WesternHorseman

Horse Trailers South Jordan UT

This page provides relevant content and local businesses that can help with your search for information on Horse Trailers. You will find informative articles about Horse Trailers, including "Trailer-Trip Tips". Below you will also find local businesses that may provide the products or services you are looking for. Please scroll down to find the local resources in South Jordan, UT that can help answer your questions about Horse Trailers.

Larry H. Miller Ford Lincoln Mercury - Sandy
(800) 526-4568
200 West 9000 South
Sandy, UT
 
Jody Wilkinson Acura
(801) 595-1111
1111 S Main St
Salt Lake City, UT
 
Larry H Miller Karl Malone Toyota
(801) 495-1697
11000 S Automall Dr
Sandy, UT
 
Christopher Imports Christopher Nissan
(801) 693-7170
957 N 400 E
North Salt Lake, UT
 
Honda Sales & Service
(435) 882-3565
916 N Main St
Tooele, UT
 
Mike Hale Acura
(801) 747-6360
5601 S State St
Murray, UT
 
Tim Dahle Nissan
(801) 495-3800
10785 Auto Mall Dr
Sandy, UT
 
Tim Dahle Nissan
(801) 262-5521
4528 S State St
Salt Lake City, UT
 
Nissan
(801) 693-7100
955 N 400 E
North Salt Lake, UT
 
Wilson Ford Lincoln Mercury
(435) 752-7355
328 North Main
Logan, UT
 

Trailer-Trip Tips

The following expert tips will help you minimize trailering stresses.

1. To minimize breakdowns and the frustrations of getting lost, perform a thorough pre-trip trailer and tow-vehicle check, and plan your route carefully. Unloading by the side of the road is dangerous, so plan to either drive straight through, leaving the horses in the trailer during rest stops, or use a directory, such as that found at www.horsetrip.com , to find a "horse motel" where you can board overnight.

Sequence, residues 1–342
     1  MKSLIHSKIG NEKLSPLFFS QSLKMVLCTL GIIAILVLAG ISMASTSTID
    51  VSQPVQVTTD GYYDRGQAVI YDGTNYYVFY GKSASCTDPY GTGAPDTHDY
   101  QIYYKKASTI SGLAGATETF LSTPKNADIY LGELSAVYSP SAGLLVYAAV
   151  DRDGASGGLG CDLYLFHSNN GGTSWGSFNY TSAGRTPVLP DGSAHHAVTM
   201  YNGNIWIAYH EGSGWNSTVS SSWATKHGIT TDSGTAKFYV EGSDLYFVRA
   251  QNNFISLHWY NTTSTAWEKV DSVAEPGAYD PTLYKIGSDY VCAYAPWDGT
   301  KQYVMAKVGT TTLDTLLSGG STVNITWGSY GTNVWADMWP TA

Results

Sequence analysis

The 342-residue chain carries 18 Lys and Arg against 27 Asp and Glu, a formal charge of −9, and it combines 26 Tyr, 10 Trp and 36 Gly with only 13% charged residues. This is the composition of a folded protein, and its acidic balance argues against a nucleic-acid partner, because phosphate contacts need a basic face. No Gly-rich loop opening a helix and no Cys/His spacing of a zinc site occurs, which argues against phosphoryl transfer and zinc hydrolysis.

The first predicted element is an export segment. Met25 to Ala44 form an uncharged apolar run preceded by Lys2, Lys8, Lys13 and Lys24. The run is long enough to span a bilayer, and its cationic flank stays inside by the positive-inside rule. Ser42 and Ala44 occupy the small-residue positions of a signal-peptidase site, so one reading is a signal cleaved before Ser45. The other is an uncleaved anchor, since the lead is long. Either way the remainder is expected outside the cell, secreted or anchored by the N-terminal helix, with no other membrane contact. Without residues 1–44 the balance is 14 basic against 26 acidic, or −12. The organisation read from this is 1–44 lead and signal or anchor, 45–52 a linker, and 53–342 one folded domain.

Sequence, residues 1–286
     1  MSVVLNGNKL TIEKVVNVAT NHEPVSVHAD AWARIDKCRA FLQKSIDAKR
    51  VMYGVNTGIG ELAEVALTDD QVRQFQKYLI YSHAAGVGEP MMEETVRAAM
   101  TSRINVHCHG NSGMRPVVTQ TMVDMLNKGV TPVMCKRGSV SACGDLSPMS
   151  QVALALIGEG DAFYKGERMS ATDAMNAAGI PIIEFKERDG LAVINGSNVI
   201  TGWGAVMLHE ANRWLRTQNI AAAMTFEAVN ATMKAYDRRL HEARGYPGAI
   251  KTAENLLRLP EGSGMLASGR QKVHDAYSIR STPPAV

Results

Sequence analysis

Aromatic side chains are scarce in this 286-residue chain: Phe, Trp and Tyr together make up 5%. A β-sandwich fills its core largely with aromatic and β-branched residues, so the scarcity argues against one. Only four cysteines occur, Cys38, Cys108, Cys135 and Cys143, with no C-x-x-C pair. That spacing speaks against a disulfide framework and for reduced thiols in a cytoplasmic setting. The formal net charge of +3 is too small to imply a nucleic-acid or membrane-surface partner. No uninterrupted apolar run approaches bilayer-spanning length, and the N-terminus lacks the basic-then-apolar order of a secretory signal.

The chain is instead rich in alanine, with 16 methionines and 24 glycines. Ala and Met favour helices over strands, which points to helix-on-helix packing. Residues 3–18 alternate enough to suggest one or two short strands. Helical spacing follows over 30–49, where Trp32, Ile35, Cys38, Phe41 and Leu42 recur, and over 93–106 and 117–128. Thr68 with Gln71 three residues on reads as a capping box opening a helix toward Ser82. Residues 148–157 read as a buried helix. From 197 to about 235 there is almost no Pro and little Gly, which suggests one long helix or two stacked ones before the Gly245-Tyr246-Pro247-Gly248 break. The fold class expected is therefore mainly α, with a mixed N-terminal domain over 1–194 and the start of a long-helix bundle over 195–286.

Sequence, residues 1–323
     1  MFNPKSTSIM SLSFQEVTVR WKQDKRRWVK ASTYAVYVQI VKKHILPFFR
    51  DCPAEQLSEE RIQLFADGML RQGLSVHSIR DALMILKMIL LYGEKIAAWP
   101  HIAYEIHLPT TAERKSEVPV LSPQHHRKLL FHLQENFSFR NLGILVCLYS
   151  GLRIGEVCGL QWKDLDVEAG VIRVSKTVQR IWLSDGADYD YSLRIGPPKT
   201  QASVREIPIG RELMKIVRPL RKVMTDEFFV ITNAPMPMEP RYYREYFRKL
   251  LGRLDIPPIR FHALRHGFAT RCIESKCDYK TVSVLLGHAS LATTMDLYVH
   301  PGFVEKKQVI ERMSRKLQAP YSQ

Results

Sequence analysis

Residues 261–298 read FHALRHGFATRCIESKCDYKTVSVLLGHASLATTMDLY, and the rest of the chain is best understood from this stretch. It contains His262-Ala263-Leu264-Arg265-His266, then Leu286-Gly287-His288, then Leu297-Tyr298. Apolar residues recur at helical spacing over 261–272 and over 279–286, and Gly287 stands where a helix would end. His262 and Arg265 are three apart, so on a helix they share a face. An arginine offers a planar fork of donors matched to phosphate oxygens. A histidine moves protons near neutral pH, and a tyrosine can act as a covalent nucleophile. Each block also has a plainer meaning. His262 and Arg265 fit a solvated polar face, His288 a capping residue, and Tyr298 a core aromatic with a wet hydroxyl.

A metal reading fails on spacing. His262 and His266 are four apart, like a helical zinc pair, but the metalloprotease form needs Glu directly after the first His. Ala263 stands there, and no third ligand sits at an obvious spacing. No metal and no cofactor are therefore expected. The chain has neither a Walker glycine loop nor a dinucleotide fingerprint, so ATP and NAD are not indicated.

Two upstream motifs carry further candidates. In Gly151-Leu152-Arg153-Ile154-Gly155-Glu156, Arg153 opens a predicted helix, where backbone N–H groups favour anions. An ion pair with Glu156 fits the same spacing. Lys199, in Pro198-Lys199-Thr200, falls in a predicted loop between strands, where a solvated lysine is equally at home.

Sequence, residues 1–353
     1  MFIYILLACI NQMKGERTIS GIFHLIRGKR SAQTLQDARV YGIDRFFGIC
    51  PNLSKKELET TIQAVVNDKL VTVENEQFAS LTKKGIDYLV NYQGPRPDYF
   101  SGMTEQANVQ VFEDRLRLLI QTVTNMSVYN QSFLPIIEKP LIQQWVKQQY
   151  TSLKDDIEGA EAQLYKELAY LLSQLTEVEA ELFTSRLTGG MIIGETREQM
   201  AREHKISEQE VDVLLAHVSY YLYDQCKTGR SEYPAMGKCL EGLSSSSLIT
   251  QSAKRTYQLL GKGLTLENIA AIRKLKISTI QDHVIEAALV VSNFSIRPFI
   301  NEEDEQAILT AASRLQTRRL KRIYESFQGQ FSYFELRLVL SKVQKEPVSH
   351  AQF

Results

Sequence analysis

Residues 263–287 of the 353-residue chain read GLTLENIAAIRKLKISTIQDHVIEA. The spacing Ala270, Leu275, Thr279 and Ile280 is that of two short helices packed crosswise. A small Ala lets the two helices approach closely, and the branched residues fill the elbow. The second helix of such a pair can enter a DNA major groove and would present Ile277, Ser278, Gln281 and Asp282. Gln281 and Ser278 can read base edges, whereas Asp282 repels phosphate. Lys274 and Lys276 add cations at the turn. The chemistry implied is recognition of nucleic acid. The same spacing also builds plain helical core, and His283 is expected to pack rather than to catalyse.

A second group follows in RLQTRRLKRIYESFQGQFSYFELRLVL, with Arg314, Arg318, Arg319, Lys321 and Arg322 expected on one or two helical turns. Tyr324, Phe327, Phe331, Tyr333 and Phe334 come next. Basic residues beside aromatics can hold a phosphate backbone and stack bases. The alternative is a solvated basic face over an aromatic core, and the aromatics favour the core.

2. Put a six-inch layer of bedding on the trailer floor, using the same bedding in your horses' stalls. The bedding serves three purposes: It's something the horses are accustomed to, it provides a cushion for their feet and it absorbs urine.

3. If you use hauling boots or wraps, check them regularly to ensure they remain in place.

4. Tie each horse with a suitable trailer strap or rope that's just long enough for him to touch the bottom of the feedbag or manger and to drop his head below his withers, so he can clear his respiratory system. If your tie strap or rope doesn't have a quick-release panic snap, make sure that you can cut it with a knife in case of an emergency - and keep the knife where it's easily accessible.

5. If possible, transport your horses with others they know. Transporting horses unfamiliar with one another can lead to trouble and more stress for the animals.

6. Practice your driving skills, starting and stopping smoothly to reduce stress on the horses. Maintain extra space between you and the vehicle ahead, to decrease the odds of an accident during an emergency stop. Drive a little slower than usual and avoid sudden shifts in momentum. Some experts suggest you should drive as if you had a cup of hot coffee on the dashboard.

7. Keep the trailer ventilated. Horses are comfortable in temperatures between 30 and 75 degrees Fahrenheit. If you blanket horses, regularly check underneath for sweating. In summer months, avoid traveling during the hottest parts ...

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